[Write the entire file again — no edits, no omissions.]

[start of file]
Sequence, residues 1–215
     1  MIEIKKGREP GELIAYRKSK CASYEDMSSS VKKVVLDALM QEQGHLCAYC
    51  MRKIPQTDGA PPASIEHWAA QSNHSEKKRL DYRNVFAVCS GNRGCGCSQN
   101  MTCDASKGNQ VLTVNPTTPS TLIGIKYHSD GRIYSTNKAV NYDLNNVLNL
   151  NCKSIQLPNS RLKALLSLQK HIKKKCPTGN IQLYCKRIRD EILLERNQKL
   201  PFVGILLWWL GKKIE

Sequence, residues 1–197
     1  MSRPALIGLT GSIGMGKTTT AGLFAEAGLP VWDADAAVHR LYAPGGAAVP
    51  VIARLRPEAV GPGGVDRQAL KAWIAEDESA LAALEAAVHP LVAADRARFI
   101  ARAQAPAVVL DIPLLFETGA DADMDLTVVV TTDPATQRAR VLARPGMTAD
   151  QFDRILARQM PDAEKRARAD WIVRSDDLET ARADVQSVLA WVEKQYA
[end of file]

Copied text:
Sequence, residues 1–215
     1  MIEIKKGREP GELIAYRKSK CASYEDMSSS VKKVVLDALM QEQGHLCAYC
    51  MRKIPQTDGA PPASIEHWAA QSNHSEKKRL DYRNVFAVCS GNRGCGCSQN
   101  MTCDASKGNQ VLTVNPTTPS TLIGIKYHSD GRIYSTNKAV NYDLNNVLNL
   151  NCKSIQLPNS RLKALLSLQK HIKKKCPTGN IQLYCKRIRD EILLERNQKL
   201  PFVGILLWWL GKKIE

Sequence, residues 1–197
     1  MSRPALIGLT GSIGMGKTTT AGLFAEAGLP VWDADAAVHR LYAPGGAAVP
    51  VIARLRPEAV GPGGVDRQAL KAWIAEDESA LAALEAAVHP LVAADRARFI
   101  ARAQAPAVVL DIPLLFETGA DADMDLTVVV TTDPATQRAR VLARPGMTAD
   151  QFDRILARQM PDAEKRARAD WIVRSDDLET ARADVQSVLA WVEKQYA